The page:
In a third-grade classroom this summer at Topaz Elementary School, Lucia Cortez’s job was to support the young students’ inquiry and natural curiosity about crickets that live in the rainforest — what they eat, why they make a loud chirping noise and how far they can jump. She also instructed students on using their imaginations to paint colorful pictures of crickets.
Cortez was among two dozen recent education graduates and teacher credential students who participated in the professional development and co-teaching aspects of the Rainforest Safari Camp. The camp, offered in July through Cal State Fullerton’s SchoolsFirst Federal Credit Union Center for Creativity and Critical Thinking, in partnership with Placentia-Yorba Linda Unified School District, served about 500 students at Topaz, Melrose and Rio Vista elementary schools.
“We partner with the school district to support English learners in their development of language skills to increase engagement and academic success in school,” said Christine A. Mayfield, director of the center, housed in the College of Education.
For Cortez, who plans to become an elementary school teacher, co-teaching the Rainforest Safari Camp was an opportunity to work with students on expanding their English literacy skills by integrating engaging art and science lessons about rainforest animals, insects and biomes.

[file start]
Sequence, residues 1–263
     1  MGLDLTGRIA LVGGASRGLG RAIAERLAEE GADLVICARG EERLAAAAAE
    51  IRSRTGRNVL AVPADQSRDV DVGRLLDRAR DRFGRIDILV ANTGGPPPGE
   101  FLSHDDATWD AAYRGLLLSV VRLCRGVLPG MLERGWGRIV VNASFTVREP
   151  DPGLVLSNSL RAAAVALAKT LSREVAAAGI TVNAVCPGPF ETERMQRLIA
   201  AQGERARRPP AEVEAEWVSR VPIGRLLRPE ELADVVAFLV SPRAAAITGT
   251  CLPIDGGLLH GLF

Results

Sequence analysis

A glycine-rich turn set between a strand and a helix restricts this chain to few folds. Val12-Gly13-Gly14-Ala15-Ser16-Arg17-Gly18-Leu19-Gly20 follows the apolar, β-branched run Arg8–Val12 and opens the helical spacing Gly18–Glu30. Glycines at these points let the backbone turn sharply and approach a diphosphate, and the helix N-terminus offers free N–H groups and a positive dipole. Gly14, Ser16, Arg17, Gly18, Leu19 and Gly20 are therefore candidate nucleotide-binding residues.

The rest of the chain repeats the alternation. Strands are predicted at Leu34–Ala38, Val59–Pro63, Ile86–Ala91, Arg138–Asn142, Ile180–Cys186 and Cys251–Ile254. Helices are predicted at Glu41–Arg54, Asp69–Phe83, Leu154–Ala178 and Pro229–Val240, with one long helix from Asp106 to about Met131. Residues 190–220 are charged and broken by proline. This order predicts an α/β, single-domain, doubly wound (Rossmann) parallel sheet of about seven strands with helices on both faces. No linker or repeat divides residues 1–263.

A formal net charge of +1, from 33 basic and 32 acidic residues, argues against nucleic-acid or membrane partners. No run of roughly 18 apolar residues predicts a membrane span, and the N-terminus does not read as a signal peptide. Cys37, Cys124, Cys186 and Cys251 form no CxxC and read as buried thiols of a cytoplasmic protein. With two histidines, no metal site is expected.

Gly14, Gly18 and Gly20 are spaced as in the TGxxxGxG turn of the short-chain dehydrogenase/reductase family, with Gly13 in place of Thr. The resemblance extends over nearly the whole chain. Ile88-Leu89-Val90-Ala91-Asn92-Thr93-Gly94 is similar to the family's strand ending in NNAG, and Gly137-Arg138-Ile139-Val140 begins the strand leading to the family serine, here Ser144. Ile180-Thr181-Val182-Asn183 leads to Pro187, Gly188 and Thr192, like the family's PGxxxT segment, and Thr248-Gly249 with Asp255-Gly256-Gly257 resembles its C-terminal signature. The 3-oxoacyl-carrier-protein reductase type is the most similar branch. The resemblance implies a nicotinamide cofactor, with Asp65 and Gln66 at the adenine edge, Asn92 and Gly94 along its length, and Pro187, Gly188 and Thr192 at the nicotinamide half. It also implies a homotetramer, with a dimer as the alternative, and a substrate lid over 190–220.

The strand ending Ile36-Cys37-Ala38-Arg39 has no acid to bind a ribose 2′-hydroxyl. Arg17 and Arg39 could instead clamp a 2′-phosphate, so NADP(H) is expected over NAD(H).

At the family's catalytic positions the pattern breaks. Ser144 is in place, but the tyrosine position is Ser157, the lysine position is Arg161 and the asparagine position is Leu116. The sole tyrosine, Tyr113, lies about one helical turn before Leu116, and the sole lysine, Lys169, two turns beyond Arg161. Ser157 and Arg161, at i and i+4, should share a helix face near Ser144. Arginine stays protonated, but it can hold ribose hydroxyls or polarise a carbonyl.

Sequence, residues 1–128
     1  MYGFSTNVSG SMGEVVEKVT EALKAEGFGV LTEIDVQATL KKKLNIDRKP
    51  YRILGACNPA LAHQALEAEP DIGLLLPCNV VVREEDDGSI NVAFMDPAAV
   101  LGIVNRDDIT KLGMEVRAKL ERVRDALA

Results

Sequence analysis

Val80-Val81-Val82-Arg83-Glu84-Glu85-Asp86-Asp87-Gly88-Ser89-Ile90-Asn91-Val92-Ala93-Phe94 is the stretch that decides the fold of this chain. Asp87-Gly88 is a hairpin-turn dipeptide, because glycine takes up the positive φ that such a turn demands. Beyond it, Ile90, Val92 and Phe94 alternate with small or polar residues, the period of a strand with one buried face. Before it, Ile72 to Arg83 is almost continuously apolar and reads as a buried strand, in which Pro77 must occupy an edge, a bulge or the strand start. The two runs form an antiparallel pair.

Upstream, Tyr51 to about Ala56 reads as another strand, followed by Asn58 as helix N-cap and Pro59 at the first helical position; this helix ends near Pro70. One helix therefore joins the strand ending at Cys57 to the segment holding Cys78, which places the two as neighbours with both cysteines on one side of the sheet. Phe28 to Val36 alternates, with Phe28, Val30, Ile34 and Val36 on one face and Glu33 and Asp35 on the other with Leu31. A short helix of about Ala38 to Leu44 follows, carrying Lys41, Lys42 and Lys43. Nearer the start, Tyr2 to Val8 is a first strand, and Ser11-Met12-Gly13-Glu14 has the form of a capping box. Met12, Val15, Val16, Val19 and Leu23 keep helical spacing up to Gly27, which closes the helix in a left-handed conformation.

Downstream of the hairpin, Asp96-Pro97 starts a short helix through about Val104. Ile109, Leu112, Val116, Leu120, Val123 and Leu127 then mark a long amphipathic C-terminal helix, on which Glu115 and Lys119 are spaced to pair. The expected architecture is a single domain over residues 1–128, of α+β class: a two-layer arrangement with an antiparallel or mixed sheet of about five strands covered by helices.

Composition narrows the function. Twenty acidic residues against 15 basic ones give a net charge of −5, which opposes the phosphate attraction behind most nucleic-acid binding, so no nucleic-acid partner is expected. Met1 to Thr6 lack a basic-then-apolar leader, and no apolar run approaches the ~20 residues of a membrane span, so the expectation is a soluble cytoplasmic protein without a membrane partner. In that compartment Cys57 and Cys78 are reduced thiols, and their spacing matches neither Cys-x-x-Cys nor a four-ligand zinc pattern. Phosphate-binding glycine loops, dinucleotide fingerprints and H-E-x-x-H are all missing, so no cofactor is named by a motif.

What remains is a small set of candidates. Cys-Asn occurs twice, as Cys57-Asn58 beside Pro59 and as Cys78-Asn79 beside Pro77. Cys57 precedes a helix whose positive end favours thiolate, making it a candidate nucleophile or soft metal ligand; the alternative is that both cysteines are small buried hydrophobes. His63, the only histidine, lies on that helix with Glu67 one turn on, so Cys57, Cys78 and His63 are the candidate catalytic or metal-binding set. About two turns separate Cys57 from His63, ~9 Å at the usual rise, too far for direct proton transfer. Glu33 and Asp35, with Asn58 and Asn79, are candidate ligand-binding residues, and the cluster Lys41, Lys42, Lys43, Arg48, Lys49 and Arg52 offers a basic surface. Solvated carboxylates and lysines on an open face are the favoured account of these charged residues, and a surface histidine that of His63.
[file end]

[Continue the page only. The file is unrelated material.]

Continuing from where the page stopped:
My hope is to teach students that if they believe in themselves, they can succeed. — Lucia Cortez
The CSUF student teachers participated in professional development sessions to teach daily lesson plans by using instructional strategies and teaching skills they learned in teacher preparation courses. During the camp, they worked alongside the district’s veteran teachers who shared their teaching knowledge and classroom experiences.
“I wanted to teach the camp because I knew it would be a rich experience for me to grow as a teacher,” said Cortez, a Class of 2019 graduate who earned a master’s degree in education-curriculum and instruction and completed the credential program to teach elementary school.
Cortez, who also earned a bachelor’s degree in child and adolescent development in 2016, plans to take the rainforest curriculum into her own classroom, as well as expand the lessons by incorporating writing, reading and mathematics.
“Thanks to this experience, I have honed my teaching skills in a variety of ways. I learned so much about developing lesson plans to fit students’ needs, that it’s important for teachers to collaborate and what it takes to be a dedicated teacher,” she said.